Mild Traumatic Brain Injury: Definition & Epidemiology

In 2004, a comprehensive review of the literature on mild traumatic brain injury (MTBI) was published in a series of articles in the Journal of Rehabilitation Medicine (e.g., 27-31). The World Health Organization (WHO) Collaborating Centre Task Force on Mild Traumatic Brain Injury provided the definition reprinted below.

“MTBI is an acute brain injury resulting from mechanical energy to the head from external physical forces. Operational criteria for clinical identification include: (i) 1 or more of the following: confusion or disorientation, loss of consciousness for 30 minutes or less, post-traumatic amnesia for less than 24 hours, and/or other transient neurological abnormalities such as focal signs, seizure, and intracranial lesion not requiring surgery; and/or? (ii) Glasgow Coma Scale score of 13–15 after 30 minutes post-injury or later upon presentation for healthcare.

These manifestations of MTBI must not be due to drugs, alcohol, medications, caused by other injuries or treatment for other injuries (e.g. systemic injuries, facial injuries or intubation), caused by other problems (e.g. psychological trauma, language barrier or coexisting medical conditions) or caused by penetrating craniocerebral injury” (page 115; 32)

This definition is consistent with the widely cited definition developed by the Mild Traumatic Brain Injury Committee of the Head Injury Interdisciplinary Special Interest Group of the American Congress of Rehabilitation Medicine (33). It is also consistent with the Center for Disease Control (CDC) working group definition set out in a report to the United States Congress in 2003 (34), and the definitions used by many researchers over the past 20 years.

The potential for incomplete recovery and poor psychosocial outcome following mild traumatic brain injury (MTBI) has been recognized as a public health problem (35-37). Unfortunately, these injuries are common in daily life and in sports. Concussions in sports, for example, are very common. In a recent study, 30% of high school football players reported at least one previous concussion; 15% reported that they experienced a concussion during the current football season (38). Sosin et al. (39), based on the National Health Interview Survey in 1991, estimated that 1.5 million Americans suffer a traumatic brain injury each year (i.e., 618/100,000). The vast majority of these injuries are mild in severity. The prevalence estimate of Sosin and colleagues is much higher than previous estimates based on hospital admissions because most people who sustain an MTBI are not evaluated in the emergency department or admitted to the hospital (39). Bazarian and colleagues (40) reported that 56/100,000 people are evaluated in the emergency department each year for anisolated MTBI. Of course, many other patients sustain MTBIs as one of several injuries (e.g., orthopedic injuries following a motor vehicle accident).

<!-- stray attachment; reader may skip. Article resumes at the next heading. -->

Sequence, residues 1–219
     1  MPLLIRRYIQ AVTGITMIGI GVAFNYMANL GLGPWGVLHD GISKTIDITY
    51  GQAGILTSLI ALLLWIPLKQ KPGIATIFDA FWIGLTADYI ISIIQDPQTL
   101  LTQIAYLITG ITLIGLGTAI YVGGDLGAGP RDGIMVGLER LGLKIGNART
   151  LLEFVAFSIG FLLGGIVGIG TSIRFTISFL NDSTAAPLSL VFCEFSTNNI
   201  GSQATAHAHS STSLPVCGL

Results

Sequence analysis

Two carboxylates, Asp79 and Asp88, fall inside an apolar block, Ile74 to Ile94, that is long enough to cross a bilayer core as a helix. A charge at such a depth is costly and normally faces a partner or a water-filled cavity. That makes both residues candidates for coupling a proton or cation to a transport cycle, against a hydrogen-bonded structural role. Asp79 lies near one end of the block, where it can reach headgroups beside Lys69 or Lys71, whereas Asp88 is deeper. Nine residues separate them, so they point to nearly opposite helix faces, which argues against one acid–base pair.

Pathophysiology

It is necessary to review the pathophysiology of MTBI in order to properly consider the possible relation between this injury and the future development of Alzheimer’s disease. It is important to note that the pathophysiology of MTBI appears to be predominately neurometabolic and reversible. However, some people with this injury have macroscopic structural damage visible with static neuroimaging (e.g., CT or MRI; 30, 41-46) and permanent cellular damage that is not visible through neuroimaging (47). Without question, the pathophysiology and pathoanatomy of MTBI falls on a broad spectrum. MTBIs are not created equally and it is a mistake to adopt a simplistic binary approach to conceptualizing this injury (e.g., present or absent). The spectrum of pathophysiology is illustrated in Figure 1.

Figure 1. Spectrum of MTBI pathophysiology.
 
Very mild, rapidly reversible neurometabolic dysfunction Prolonged, multilayered, neurometabolic cascade with possible minor long-lasting cellular dysfunction Macroscopic abnormality (contusion), localized and more widespread cellular damage and dysfunction

A book chapter by Giza and Hovda (48) provides an excellent summary of the pathophysiology of concussion, learned mostly from animal studies. I have relied on this chapter to summarize the complex interwoven cellular and vascular changes that occur following a concussion. This has been conceptualized as a multilayered neurometabolic cascade whereby affected cells typically recover, although under certain circumstances they might degenerate and die. The primary mechanisms include ionic shifts, abnormal energy metabolism, diminished cerebral blood flow, and impaired neurotransmission.